Dominance (notion)


Institution Definition

The legal definition of a dominant position in EU law was given by the ECJ in Case 2/76 United Brands Company and United Brands Continentaal BV v Commission of the European Communities : "a position of economic strength enjoyed by an undertaking which enables it to prevent effective competition being maintained on the relevant market by affording it the power to behave to an appreciable extent independently of its competitors, its customers and ultimately of its consumers". © European Court of Justice

A firm is in a dominant position if it has the ability to behave independently of its competitors, customers, suppliers and, ultimately, the final consumer. A dominant firm holding such market power would have the ability to set prices above the competitive level to sell products of an inferior quality or to reduce its rate of innovation below the level that would exist in a competitive market. Under EU competition law, it is not illegal to hold a dominant position, since a dominant position can be obtained by legitimate means of competition, for example by inventing and selling a better product. Instead, competition rules do not allow companies to abuse their dominant position. The EU merger control system (merger control procedure) differs insofar from this principle, as it prohibits merged entities from obtaining or strengthening a dominant position by way of the merger. A dominant position may also be enjoyed jointly by two or more independent economic entities being united by economic links in a specific market. This situation is called collective (or joint or oligopolistic) dominance. As the Court has ruled in Gencor, there is no reason in legal or economic terms to exclude from the notion of economic links the relationship of interdependence existing between the parties to a tight oligopoly within which those parties are in a position to anticipate each one another’s behaviour and are therefore strongly encouraged to align their conduct in the market. © European Commission

See: Article 102 TFEU and the Merger Regulation, On collective dominance see also: Commission Decision No 97/26/EC of 24.4.1996 in case IV/M.619 - Gencor/Lonrho (OJ L 11, 14.1.1997, p. 30) and Judgment of the Court of First Instance of 25.3.1999 in case T-102/96, Gencor Ltd v Commission, (1999) E.C.R., page II-0753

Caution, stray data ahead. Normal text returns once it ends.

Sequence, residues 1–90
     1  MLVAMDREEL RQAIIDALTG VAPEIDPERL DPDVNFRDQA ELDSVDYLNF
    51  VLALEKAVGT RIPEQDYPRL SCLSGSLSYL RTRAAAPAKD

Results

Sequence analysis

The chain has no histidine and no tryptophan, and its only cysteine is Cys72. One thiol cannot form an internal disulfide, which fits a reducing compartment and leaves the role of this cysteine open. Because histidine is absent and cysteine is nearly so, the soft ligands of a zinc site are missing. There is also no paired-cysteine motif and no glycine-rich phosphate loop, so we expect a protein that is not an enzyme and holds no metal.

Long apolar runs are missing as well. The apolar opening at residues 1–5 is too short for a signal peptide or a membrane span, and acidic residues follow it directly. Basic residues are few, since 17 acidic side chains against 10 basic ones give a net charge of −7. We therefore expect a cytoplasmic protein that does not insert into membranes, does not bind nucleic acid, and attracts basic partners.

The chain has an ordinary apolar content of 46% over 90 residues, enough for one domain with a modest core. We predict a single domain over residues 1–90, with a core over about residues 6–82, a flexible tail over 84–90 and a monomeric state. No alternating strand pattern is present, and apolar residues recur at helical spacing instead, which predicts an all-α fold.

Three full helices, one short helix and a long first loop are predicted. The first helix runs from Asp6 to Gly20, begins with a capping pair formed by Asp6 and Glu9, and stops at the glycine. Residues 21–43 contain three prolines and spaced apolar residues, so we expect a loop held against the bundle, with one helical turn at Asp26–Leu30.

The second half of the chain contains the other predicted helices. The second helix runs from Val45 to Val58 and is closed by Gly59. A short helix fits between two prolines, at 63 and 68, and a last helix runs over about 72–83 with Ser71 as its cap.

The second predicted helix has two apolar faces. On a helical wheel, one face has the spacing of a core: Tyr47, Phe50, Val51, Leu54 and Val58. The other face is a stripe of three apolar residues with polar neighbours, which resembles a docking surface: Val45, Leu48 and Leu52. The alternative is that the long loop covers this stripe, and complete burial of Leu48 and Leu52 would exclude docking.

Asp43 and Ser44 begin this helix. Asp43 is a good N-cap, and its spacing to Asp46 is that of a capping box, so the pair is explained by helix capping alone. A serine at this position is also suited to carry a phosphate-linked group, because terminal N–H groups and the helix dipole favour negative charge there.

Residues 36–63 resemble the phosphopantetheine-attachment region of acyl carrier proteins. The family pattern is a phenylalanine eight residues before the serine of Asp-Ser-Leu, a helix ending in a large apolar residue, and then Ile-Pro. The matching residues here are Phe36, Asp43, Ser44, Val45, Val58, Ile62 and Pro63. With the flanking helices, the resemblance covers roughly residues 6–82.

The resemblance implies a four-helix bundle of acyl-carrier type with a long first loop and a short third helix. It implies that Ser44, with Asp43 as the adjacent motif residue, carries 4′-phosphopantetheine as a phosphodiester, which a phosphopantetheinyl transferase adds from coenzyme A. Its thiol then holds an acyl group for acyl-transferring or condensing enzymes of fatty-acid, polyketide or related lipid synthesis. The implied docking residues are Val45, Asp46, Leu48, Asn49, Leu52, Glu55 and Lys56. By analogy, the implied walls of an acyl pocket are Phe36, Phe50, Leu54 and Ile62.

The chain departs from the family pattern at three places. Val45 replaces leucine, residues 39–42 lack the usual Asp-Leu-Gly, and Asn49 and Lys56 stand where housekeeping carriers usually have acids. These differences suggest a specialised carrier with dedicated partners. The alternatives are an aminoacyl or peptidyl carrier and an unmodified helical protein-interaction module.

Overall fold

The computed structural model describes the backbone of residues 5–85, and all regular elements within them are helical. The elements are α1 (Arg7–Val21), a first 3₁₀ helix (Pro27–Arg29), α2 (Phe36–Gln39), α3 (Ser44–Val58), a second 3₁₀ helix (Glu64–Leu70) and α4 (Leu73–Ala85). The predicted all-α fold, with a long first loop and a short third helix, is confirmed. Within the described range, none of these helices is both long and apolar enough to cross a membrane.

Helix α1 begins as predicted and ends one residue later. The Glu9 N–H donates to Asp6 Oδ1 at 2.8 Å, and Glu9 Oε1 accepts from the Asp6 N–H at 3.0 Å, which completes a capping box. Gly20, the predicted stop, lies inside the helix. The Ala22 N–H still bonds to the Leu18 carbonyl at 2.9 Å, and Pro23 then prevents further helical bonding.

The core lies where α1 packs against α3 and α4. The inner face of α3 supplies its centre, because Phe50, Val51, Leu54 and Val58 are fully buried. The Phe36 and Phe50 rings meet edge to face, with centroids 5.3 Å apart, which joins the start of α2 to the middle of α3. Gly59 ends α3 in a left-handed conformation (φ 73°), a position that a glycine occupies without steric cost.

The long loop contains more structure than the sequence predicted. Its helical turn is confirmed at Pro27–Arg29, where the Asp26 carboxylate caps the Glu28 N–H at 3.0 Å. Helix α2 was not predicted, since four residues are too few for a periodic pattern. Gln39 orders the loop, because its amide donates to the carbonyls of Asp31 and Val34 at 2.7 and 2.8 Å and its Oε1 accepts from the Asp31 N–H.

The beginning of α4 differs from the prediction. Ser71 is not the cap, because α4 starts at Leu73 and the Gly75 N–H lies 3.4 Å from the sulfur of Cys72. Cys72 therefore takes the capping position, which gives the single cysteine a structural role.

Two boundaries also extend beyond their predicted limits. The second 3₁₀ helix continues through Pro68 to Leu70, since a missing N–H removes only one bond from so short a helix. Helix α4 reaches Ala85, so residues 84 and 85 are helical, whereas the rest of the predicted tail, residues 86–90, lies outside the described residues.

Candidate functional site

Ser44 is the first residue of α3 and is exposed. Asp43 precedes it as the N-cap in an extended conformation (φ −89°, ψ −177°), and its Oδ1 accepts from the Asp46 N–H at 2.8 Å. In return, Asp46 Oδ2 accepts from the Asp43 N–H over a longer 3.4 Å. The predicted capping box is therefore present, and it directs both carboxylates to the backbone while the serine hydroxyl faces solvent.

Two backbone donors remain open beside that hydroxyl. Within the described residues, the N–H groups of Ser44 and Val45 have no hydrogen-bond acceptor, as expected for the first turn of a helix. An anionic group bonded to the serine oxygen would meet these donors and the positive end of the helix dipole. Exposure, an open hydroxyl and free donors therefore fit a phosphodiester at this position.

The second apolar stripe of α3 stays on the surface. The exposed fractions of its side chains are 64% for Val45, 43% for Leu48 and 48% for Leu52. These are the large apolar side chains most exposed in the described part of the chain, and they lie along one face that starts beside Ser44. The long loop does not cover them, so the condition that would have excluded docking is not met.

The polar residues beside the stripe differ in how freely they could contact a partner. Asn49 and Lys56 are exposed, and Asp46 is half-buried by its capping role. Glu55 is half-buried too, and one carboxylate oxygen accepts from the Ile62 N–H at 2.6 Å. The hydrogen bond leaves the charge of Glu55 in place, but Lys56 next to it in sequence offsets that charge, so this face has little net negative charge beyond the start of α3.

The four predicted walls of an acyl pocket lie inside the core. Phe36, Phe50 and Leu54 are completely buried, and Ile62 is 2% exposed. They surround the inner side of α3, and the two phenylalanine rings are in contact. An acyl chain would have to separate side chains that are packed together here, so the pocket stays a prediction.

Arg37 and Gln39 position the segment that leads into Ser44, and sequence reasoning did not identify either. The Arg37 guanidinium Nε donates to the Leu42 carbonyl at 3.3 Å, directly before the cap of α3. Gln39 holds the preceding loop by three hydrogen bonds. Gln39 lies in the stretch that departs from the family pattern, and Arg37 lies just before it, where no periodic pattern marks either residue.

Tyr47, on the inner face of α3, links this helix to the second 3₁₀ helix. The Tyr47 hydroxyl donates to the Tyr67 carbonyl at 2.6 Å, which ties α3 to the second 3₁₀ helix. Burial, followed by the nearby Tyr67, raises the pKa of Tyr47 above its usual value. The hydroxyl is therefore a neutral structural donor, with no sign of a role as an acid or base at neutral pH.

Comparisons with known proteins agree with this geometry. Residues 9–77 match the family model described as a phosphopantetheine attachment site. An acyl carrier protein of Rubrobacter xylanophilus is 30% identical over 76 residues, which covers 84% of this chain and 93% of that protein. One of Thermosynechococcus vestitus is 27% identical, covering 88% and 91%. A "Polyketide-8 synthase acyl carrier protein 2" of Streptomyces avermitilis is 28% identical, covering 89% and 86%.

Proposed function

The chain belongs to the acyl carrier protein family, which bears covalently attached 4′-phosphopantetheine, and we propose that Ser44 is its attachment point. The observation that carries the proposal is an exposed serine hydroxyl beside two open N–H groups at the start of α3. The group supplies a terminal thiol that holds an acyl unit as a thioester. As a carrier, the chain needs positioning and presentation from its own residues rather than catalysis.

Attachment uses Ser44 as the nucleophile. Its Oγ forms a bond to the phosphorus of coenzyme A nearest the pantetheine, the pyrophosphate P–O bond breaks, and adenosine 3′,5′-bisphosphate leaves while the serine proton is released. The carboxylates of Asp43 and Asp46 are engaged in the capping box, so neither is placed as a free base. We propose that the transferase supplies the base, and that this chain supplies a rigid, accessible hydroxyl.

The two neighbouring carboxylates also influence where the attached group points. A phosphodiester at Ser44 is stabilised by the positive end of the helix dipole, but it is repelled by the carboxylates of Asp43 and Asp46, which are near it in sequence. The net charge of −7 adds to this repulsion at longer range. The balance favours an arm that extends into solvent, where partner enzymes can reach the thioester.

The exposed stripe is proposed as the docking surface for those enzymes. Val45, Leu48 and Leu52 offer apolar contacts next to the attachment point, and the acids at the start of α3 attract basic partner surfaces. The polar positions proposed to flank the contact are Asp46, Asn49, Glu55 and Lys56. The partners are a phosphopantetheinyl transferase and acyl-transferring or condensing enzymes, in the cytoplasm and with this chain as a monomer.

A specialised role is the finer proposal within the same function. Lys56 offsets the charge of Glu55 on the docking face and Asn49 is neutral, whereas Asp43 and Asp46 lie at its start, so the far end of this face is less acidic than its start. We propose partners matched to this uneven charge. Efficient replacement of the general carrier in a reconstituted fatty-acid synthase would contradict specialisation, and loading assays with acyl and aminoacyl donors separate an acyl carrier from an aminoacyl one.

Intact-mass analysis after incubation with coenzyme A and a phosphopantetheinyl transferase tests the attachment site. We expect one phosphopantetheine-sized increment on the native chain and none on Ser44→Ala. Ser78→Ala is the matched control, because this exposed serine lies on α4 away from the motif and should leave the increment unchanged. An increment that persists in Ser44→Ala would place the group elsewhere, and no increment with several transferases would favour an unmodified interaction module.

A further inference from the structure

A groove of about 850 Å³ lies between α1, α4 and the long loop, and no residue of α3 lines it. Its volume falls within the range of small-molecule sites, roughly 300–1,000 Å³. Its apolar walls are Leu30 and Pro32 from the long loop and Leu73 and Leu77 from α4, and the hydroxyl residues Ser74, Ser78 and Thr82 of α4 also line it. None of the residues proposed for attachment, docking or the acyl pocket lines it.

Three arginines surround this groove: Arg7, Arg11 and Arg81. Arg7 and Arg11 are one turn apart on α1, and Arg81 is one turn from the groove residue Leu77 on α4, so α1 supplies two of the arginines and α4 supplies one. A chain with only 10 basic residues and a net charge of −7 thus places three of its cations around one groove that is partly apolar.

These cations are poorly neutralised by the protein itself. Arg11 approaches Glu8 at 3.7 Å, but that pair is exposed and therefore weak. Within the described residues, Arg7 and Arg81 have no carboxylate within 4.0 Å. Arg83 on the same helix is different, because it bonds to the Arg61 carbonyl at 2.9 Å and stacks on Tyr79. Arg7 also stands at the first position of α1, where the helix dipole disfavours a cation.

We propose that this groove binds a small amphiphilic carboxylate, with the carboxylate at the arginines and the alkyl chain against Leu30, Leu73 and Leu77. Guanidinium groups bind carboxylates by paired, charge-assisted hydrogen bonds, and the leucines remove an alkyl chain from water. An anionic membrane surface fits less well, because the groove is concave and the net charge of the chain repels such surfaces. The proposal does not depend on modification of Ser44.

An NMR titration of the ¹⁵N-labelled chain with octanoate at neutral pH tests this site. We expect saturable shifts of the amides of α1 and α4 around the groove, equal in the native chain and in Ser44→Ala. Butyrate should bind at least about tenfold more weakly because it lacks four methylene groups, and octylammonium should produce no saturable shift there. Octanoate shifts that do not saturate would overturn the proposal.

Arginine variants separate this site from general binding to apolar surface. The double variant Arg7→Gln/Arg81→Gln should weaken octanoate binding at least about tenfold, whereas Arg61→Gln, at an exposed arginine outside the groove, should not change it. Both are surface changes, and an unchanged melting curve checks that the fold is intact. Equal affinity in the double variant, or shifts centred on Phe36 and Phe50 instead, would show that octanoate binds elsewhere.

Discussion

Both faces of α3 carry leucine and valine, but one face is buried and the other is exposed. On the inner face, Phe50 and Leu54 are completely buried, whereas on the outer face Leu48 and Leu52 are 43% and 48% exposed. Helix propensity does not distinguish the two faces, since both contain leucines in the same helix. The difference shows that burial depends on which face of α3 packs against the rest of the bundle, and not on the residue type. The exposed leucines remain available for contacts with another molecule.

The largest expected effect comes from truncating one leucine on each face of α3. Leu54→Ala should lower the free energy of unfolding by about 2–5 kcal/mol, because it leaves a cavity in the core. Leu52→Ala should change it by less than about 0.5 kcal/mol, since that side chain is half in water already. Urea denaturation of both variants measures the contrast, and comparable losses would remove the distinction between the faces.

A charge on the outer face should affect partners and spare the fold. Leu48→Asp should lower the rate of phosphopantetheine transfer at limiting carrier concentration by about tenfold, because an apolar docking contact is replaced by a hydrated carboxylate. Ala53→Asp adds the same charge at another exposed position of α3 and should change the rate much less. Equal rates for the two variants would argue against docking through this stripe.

A dominant firm is one which accounts for a significant share of a given market and has a significantly larger market share than its next largest rival. Dominant firms are typically considered to have market shares of 40 per cent or more. Dominant firms can raise competition concerns when they have the power to set prices independently. An industry with a dominant firm is therefore often an oligopoly in that there are a small number of firms. However, it is an asymmetric oligopoly because the firms are not of equal size. Normally, the dominant firm faces a number of small competitors, referred to as a competitive fringe. The competitive fringe sometimes includes potential entrants. Thus the dominant firm may be a monopolist facing potential entrants. Like a monopolist, the dominant firm faces a downward sloping demand curve. However, unlike the monopolist, the dominant firm must take into account the competitive fringe firms in making its price/output decisions. It is normally assumed that the dominant firm has some competitive advantage (such as lower costs) as compared to the fringe. The term competitive fringe arises from the basic theory of dominant firm pricing. It is generally assumed that the dominant firm sets its price after ascribing a part of the market to the competitive fringe which then accepts this price as given. Dominant firms may be the target of competition policy when they achieve or maintain their dominant position as a result of anti-competitive practices. (...) © OECD

See also Abuse of a dominant position, Abuse of economic dependence and Oligopoly

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